A Federal Election Commission report released Tuesday shows candidates raised roughly $72.6 million from January 2001 through this March and spent just over $31.4 million.
Democratic senators hold edges in fund-raising in some key races. However, Democratic fund-raiser Robert Farmer said the overall totals are striking given the majority status Senate Democrats have held for the past year. Republicans control the House and the White House.
"All things being equal I think it still suggests the Republicans have a greater ability to raise money, because even where the Democrats have control and are in a much more powerful position these days, they have only managed to keep up with the Republicans," said Farmer, campaign manager for Massachusetts Sen. John Kerry.
In the House, Republican candidates hold a collective edge, raising at least $149 million to $135 million for Democratic candidates and outspending them by about $7 million, the FEC analysis of the most recent campaign finance reports shows.
The situation in individual races varies widely.
Several Democratic senators targeted by Republicans had no primary opposition and held fund-raising advantages of $1 million or more at the end of the first quarter over their GOP challengers, some of them with primaries.
Those include Democratic Sens. Paul Wellstone of Minnesota, Iowa's Tom Harkin, Tim Johnson of South Dakota, Jean Carnahan of Missouri and Georgia's Max Cleland.
In three of four open Senate races, a Republican finished the first quarter with a substantial fund-raising edge over GOP and Democratic rivals.
In North Carolina, Republican Elizabeth Dole finished March with nearly $5.5 million raised, more than $2 million more than the leading Democrat, Erskine Bowles.
In South Carolina, Republican Lindsey Graham raised $4.2 million to Democrat Alexander Sanders' $1.8 million. In Texas, Republican John Cornyn collected $4.1 million through March, compared with $3.2 million for Democrat Ron Kirk.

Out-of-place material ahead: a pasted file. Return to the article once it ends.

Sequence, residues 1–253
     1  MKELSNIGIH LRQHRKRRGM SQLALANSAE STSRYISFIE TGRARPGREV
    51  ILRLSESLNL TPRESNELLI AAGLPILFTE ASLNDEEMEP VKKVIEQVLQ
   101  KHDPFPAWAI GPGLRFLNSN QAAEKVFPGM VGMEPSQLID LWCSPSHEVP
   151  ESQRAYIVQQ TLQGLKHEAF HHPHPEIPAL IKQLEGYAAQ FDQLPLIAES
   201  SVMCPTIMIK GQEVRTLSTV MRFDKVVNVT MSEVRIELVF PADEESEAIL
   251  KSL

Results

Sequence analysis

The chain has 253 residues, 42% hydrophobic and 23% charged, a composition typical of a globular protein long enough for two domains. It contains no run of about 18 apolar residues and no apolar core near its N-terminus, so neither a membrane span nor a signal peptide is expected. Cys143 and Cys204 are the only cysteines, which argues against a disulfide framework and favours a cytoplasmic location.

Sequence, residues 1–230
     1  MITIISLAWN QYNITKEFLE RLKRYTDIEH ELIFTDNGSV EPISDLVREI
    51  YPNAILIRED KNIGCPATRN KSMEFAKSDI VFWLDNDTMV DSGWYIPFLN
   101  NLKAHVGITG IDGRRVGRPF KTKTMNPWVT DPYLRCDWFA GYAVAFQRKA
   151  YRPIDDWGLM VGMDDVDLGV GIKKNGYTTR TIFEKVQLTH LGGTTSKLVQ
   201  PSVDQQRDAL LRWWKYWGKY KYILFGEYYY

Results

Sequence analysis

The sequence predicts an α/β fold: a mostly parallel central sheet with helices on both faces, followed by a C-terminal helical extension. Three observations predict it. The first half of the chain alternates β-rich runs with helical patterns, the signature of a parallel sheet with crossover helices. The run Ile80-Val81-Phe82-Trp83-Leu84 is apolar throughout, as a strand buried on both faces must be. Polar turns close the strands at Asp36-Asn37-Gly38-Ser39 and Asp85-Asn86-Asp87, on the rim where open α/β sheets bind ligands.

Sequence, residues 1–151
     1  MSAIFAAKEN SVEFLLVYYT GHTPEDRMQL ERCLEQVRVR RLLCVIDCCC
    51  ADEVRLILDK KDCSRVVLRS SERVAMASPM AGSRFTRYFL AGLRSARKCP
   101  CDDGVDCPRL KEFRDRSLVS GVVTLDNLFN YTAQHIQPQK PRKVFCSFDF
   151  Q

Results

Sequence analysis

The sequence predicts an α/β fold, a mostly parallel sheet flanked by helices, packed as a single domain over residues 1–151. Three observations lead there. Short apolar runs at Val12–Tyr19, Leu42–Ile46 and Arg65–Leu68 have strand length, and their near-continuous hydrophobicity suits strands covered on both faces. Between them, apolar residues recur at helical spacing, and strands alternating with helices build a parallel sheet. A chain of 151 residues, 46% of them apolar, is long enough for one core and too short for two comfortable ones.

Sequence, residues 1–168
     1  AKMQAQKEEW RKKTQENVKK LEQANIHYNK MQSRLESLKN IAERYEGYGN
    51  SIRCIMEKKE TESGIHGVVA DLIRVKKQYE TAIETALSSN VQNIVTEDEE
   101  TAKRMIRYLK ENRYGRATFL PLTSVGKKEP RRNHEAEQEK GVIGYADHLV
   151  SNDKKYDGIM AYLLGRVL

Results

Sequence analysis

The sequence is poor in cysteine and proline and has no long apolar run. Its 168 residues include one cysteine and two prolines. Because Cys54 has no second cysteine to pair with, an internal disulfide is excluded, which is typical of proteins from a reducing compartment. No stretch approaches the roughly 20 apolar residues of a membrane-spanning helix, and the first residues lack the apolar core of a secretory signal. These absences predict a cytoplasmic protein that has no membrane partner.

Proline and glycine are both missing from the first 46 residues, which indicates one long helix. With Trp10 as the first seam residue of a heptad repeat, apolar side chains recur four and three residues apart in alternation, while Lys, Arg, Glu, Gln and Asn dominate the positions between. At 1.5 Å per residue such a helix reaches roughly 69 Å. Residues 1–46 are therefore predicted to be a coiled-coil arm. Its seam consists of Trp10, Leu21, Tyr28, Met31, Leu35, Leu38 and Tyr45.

One open Senate race has yet to become a multimillion-dollar one: In Tennessee, Democrat Bob Clement raised $570,669, about $200,000 more than Republican Lamar Alexander.
In an incumbent-vs.-incumbent race in the House caused by redistricting, Connecticut Republican Rep. Nancy Johnson raised about $1.7 million through the first quarter, compared with $988,542 for Democratic Rep. James Maloney.
In West Virginia, GOP Rep. Shelly Moore Capito raised about $1 million through March, compared with $995,307 for her Democratic challenger, James Humphreys.
Several incumbents have raised substantial sums despite facing no major-party challenger. Kerry, for example, has raised at least $5 million, money he could use for a 2004 presidential bid if he decides to run. Sen. John Warner, R-Va., has raised at least $1.9 million.
The Democratic Senatorial Campaign Committee, which raises money for Senate candidates nationally, looks at fund-raising race by race, and different factors play into each, spokeswoman Tovah Ravitz-Meehan said.
For example, she said, Kirk became the Democratic nominee in Texas after a primary and runoff, while in North Carolina, five Democrats are competing in a primary.
"We do tend to look at them more on a case by case because that's how you effect change," she said. "Our job is to sort of be consultants to these campaigns."
Ravitz-Meehan said the DSCC is encouraging candidates to budget and run "a tight ship." She noted that Democratic Senate candidates finished the first quarter with more cash on hand; about $51 million, compared with about $48 million for Republican candidates, according to the FEC report.
The FEC analysis didn't count the national party committees that also help candidates, such as the DSCC and the National Republican Senatorial Committee.
As of May 1, the NRSC had $27.5 million on hand, compared with $23.7 million for the DSCC.
"I think overall, we're pleased at where we are overall, but we know there's still six months left in the election cycle," NRSC spokesman Dan Allen said.
The NRSC and its House counterpart will get a boost next month from a fund-raiser President Bush plans to headline for them, likely raising at least $20 million.